How to Make the Best Pie Crust

 I just finished making the pie crusts for our Thanksgiving dessert and sharing my Recipe, Tips, Pictures, and Video for How to Make the Best Pie Crust

If there was any justice in the world, I should really have been born into this world with the innate ability to whip out a picture-perfect, flaky, tender and tasty pie crust just by virtue of my genetics.

As I’ve mentioned, my Grandma, who lived with us for the last 11 years of her life, was a world-class baker. She had fully mastered the art of baking breads and pies, a skill that many strive to achieve.

Grandma baking cookies…as usual.

But alas, those gifts weren’t quite as ‘biological’ as I had hoped, requiring instead many trials and much patience. But, my efforts in learning how to make the best pie crust did pay off, which earned me the honor of being the designated pie baker in the family, a job I actually do enjoy!

So, let’s talk about what defines a good pie crust.  I understand that this might be somewhat subjective, but in my mind, a good pie crust will be tender, with flaky layers and won’t rely on the filling for flavor.  I remember my grandma baking the scraps, maybe with a wee bit of sugar and cinnamon, and that treat being almost as good as the finished pie.Two Pie Crusts

So, how do you achieve this holy grail of pie crust? This flaky, tender and flavorful vehicle for all manner of fillings? If you ask 10 pie bakers, you will get 10 responses I am sure. But here are my tried and true tips for how to make the best pie crust.

My Tips for How to Make the Best Pie Crust…Flaky, Tender and Flavorful:

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  • Pastry Flour  Pastry flour is much lower in protein than all-purpose flour. The protein in all-purpose flour means more gluten, which means more structure which is handy when baking breads.  But for pies and pastry, you want less gluten, less structure, more ‘flake’. That being said, if all you have is All Purpose Flour, then go right ahead.  I used AP Flour for years before I discovered Pastry Flour.Salt and Sugar being added to Pastry Flour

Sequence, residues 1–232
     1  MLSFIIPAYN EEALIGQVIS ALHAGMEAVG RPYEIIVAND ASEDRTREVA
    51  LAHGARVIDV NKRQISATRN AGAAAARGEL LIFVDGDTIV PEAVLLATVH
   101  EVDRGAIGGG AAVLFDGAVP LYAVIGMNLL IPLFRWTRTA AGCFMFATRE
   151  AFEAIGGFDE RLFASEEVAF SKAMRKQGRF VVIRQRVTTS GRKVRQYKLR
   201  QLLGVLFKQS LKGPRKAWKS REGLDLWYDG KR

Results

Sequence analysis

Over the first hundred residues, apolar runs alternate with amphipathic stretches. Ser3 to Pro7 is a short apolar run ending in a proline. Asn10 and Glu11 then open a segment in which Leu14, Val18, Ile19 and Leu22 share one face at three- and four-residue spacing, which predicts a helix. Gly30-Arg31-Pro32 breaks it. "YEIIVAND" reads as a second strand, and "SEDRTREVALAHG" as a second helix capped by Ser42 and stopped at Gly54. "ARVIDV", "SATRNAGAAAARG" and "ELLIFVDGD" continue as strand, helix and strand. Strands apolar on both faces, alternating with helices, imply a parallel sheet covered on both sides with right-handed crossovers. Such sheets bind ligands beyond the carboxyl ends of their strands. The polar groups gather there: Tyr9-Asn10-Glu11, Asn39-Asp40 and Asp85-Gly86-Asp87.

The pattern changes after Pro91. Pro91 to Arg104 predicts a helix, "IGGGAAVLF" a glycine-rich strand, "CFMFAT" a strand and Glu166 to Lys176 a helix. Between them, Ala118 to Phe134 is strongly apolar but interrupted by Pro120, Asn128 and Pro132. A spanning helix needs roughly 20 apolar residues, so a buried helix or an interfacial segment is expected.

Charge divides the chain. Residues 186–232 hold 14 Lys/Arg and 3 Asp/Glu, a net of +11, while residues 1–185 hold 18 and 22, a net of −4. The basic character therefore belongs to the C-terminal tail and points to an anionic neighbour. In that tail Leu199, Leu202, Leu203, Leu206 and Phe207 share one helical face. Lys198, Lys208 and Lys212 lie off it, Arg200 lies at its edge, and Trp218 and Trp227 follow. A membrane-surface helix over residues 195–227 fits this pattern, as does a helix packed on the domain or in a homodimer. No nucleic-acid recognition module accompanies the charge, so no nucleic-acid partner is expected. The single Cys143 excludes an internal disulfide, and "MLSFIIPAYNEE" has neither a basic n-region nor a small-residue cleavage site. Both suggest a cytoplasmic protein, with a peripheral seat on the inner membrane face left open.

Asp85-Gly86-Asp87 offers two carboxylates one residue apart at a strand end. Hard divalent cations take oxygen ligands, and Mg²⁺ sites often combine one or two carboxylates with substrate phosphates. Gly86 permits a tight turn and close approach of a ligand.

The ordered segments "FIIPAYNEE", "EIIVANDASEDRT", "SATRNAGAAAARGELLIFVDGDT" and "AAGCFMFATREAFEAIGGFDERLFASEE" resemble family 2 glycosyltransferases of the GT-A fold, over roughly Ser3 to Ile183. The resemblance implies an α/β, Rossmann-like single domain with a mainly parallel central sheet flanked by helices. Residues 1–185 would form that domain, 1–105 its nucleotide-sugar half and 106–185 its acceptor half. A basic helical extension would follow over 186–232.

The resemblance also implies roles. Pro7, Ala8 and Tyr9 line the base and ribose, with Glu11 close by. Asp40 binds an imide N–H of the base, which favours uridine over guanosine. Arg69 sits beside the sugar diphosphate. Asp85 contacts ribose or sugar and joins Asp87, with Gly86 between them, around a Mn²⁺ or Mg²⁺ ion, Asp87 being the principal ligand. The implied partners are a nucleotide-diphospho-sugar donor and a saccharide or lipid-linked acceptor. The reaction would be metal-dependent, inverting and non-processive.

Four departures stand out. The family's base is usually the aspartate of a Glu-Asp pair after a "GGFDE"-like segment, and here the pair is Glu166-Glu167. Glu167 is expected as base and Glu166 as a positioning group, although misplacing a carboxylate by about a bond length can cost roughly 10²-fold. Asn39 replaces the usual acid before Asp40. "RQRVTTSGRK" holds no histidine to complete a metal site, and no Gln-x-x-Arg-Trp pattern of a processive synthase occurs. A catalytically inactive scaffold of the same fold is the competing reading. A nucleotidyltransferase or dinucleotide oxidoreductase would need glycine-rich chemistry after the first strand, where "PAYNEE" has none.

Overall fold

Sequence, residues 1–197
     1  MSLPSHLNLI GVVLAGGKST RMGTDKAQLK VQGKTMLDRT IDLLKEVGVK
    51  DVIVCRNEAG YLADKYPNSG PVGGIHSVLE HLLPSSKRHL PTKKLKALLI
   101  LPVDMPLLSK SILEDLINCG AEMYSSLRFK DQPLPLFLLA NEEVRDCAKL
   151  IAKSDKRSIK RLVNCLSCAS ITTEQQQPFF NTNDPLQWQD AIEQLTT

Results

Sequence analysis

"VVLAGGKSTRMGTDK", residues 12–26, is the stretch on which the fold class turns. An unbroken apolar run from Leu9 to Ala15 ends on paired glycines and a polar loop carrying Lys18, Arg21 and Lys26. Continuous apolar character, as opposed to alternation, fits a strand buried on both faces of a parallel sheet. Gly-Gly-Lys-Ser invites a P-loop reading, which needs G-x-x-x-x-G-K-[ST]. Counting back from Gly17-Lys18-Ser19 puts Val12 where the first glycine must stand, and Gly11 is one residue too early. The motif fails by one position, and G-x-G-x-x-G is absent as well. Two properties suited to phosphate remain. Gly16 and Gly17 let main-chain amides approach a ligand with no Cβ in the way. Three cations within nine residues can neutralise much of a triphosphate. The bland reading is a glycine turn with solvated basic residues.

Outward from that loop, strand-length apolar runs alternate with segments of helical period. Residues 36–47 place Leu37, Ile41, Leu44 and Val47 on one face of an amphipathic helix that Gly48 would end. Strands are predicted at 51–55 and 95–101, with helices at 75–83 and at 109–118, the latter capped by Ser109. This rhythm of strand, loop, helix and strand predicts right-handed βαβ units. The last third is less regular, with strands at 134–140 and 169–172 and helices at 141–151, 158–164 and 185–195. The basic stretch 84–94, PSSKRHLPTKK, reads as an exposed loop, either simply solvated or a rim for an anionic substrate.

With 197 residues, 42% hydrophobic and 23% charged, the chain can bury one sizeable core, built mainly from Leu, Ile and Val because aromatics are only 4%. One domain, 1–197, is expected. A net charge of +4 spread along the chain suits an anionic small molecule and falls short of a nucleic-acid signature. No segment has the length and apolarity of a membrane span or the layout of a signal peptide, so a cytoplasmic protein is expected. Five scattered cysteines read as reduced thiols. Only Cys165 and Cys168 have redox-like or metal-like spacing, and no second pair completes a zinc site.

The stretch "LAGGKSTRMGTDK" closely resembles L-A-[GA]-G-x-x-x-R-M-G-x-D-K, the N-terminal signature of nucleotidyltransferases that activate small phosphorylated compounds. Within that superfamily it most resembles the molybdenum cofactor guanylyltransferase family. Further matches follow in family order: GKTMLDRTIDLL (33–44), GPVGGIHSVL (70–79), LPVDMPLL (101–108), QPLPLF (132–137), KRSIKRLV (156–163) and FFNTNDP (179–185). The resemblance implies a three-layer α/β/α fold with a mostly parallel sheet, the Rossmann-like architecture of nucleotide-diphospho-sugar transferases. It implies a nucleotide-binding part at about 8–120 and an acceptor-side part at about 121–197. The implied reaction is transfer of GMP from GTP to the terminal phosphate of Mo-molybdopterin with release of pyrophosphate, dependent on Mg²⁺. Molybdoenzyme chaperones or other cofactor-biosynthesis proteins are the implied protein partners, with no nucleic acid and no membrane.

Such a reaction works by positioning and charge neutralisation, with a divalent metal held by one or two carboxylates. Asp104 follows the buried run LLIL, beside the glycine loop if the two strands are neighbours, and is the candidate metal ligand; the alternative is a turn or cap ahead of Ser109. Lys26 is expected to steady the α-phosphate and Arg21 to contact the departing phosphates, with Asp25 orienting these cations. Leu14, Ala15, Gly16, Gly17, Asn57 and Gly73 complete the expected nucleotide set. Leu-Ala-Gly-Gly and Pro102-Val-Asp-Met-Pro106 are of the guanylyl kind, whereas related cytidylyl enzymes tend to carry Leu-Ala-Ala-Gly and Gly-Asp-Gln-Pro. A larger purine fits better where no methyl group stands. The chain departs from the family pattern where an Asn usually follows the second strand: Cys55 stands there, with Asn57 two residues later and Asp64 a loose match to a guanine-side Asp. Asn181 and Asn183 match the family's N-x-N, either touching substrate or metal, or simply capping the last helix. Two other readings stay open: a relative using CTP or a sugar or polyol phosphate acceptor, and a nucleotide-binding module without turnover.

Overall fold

• Butter While any, unsalted butter will work, the European style butters, with a higher butterfat/lower water content will help you achieve a flakier crust.  Excess moisture, from water in the butter, is counter-productive to a flaky crust.
  • Have everything COLD.  I dice my butter into small cubes and then return it to the freezer until I am ready to incorporate it and keep my water iced, removing the cubes just before I add it to my dough. My pastry flour is refrigerated until just ready to use and I put my food processor blade in the freezer.  I use my cold marble counter to roll my dough. If your kitchen is warm, you can chill your counter by putting a few bags of frozen vegetables or ice on it.
  • Process the dough in the food processor for the minimum amount of time necessary to just get the dough to hold together. From the picture below you can see that the dough in the bowl still looks ‘grainy’ but when I pinch it, it holds together nicely.  Pie Dough in Food Processor
  • Again, process the dough as little as possible when forming it to refrigerate and when rolling it.
  • When rolling your pie crust dough, use as little flour as necessary to keep the dough from sticking to the surface and your rolling pin. I do REALLY like my Non-Stick Pastry Mat, but I still do put a very light dusting of flour on the mat before I add the crust. The mat makes it so easy to transfer the dough to the pie plate and doesn’t slip on the counter surface as parchment paper does.